Learn more about administrative tasks that cluster admins must perform to successfully initialize an update, as well as optional guidelines for ensuring a successful update.

Kubernetes API deprecations and removals

OKD 4.13 uses Kubernetes 1.26, which removed several deprecated APIs.

A cluster administrator must provide a manual acknowledgment before the cluster can be updated from OKD 4.12 to 4.13. This is to help prevent issues after upgrading to OKD 4.13, where APIs that have been removed are still in use by workloads, tools, or other components running on or interacting with the cluster. Administrators must evaluate their cluster for any APIs in use that will be removed and migrate the affected components to use the appropriate new API version. After this evaluation and migration is complete, the administrator can provide the acknowledgment.

Before you can update your OKD 4.12 cluster to 4.13, you must provide the administrator acknowledgment.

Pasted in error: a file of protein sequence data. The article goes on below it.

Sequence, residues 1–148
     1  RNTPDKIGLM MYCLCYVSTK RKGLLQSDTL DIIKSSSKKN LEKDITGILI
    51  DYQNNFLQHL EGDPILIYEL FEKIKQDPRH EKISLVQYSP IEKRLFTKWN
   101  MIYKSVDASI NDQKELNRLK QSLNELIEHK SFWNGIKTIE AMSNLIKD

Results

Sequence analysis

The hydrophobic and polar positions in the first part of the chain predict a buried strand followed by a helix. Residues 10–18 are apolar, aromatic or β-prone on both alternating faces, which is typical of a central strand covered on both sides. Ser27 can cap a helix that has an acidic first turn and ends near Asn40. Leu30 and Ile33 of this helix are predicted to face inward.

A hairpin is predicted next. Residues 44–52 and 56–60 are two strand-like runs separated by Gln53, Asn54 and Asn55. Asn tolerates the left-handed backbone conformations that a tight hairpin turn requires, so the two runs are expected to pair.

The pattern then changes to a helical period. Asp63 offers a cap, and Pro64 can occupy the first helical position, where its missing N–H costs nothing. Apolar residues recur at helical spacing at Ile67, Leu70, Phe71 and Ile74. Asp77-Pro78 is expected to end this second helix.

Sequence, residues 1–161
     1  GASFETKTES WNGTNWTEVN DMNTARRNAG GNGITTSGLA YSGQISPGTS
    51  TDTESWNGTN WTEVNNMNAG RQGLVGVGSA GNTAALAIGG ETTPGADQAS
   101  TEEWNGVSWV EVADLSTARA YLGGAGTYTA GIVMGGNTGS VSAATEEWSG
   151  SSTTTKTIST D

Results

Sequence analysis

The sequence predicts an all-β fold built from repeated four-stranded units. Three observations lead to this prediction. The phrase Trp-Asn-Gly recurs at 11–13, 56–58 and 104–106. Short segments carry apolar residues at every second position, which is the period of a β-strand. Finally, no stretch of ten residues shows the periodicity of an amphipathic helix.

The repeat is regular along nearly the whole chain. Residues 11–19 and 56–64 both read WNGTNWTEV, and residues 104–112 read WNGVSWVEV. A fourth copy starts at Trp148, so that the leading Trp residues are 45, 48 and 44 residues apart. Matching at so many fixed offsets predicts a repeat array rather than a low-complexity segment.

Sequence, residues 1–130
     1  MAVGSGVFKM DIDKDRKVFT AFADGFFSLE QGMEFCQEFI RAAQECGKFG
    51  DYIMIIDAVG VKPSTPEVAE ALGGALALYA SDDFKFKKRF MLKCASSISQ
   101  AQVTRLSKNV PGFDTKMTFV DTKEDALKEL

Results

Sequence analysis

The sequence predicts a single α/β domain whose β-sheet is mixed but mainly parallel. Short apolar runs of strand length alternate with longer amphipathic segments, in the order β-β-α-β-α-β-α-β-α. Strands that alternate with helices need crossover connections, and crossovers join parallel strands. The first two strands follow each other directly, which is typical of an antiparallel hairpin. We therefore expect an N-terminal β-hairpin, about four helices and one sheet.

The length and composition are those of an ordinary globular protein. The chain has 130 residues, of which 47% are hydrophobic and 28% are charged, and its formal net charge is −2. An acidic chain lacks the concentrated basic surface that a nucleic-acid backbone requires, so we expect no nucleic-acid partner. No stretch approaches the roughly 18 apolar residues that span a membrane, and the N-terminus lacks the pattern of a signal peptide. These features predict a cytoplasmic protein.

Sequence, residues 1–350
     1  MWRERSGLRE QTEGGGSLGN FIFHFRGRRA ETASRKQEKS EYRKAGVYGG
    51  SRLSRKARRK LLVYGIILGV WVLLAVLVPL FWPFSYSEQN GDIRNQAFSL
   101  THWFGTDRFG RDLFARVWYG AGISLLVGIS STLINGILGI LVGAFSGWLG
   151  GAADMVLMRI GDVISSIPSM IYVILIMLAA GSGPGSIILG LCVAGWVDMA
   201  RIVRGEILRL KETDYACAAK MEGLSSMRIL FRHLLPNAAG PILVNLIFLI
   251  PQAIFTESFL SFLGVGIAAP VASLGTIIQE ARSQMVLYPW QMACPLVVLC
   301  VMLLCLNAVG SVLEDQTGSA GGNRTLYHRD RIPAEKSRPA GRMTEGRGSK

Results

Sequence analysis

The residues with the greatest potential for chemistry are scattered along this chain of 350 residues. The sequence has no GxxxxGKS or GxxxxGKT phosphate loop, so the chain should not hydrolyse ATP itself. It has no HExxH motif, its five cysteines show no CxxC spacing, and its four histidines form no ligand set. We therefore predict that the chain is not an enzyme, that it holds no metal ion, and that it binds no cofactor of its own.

Removed Kubernetes APIs

OKD 4.13 uses Kubernetes 1.26, which removed the following deprecated APIs. You must migrate manifests and API clients to use the appropriate API version. For more information about migrating removed APIs, see the Kubernetes documentation.

Table 1. APIs removed from Kubernetes 1.26
Resource Removed API Migrate to










Evaluating your cluster for removed APIs

There are several methods to help administrators identify where APIs that will be removed are in use. However, OKD cannot identify all instances, especially workloads that are idle or external tools that are used. It is the responsibility of the administrator to properly evaluate all workloads and other integrations for instances of removed APIs.

Reviewing alerts to identify uses of removed APIs

Two alerts fire when an API is in use that will be removed in the next release:

  • APIRemovedInNextReleaseInUse - for APIs that will be removed in the next OKD release.

  • APIRemovedInNextEUSReleaseInUse - for APIs that will be removed in the next OKD Extended Update Support (EUS) release.

If either of these alerts are firing in your cluster, review the alerts and take action to clear the alerts by migrating manifests and API clients to use the new API version.